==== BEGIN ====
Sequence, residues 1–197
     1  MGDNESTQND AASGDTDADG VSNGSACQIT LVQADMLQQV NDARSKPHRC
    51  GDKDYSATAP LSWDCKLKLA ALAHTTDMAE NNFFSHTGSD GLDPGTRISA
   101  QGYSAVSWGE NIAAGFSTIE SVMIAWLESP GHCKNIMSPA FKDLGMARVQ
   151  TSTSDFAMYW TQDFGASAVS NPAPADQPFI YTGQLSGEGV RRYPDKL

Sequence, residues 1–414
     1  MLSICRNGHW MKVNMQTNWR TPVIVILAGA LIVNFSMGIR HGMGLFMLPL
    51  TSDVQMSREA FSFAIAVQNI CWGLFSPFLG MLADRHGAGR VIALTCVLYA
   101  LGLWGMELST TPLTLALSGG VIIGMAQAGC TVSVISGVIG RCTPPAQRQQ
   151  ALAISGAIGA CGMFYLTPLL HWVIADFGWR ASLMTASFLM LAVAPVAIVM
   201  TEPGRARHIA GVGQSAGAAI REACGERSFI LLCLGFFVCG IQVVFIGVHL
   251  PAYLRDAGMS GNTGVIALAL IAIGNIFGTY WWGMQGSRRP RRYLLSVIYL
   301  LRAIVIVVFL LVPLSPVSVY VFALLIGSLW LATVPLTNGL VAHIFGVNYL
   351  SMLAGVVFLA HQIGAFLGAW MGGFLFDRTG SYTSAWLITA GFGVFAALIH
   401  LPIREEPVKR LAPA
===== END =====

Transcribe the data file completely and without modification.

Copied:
Sequence, residues 1–197
     1  MGDNESTQND AASGDTDADG VSNGSACQIT LVQADMLQQV NDARSKPHRC
    51  GDKDYSATAP LSWDCKLKLA ALAHTTDMAE NNFFSHTGSD GLDPGTRISA
   101  QGYSAVSWGE NIAAGFSTIE SVMIAWLESP GHCKNIMSPA FKDLGMARVQ
   151  TSTSDFAMYW TQDFGASAVS NPAPADQPFI YTGQLSGEGV RRYPDKL

Sequence, residues 1–414
     1  MLSICRNGHW MKVNMQTNWR TPVIVILAGA LIVNFSMGIR HGMGLFMLPL
    51  TSDVQMSREA FSFAIAVQNI CWGLFSPFLG MLADRHGAGR VIALTCVLYA
   101  LGLWGMELST TPLTLALSGG VIIGMAQAGC TVSVISGVIG RCTPPAQRQQ
   151  ALAISGAIGA CGMFYLTPLL HWVIADFGWR ASLMTASFLM LAVAPVAIVM
   201  TEPGRARHIA GVGQSAGAAI REACGERSFI LLCLGFFVCG IQVVFIGVHL
   251  PAYLRDAGMS GNTGVIALAL IAIGNIFGTY WWGMQGSRRP RRYLLSVIYL
   301  LRAIVIVVFL LVPLSPVSVY VFALLIGSLW LATVPLTNGL VAHIFGVNYL
   351  SMLAGVVFLA HQIGAFLGAW MGGFLFDRTG SYTSAWLITA GFGVFAALIH
   401  LPIREEPVKR LAPA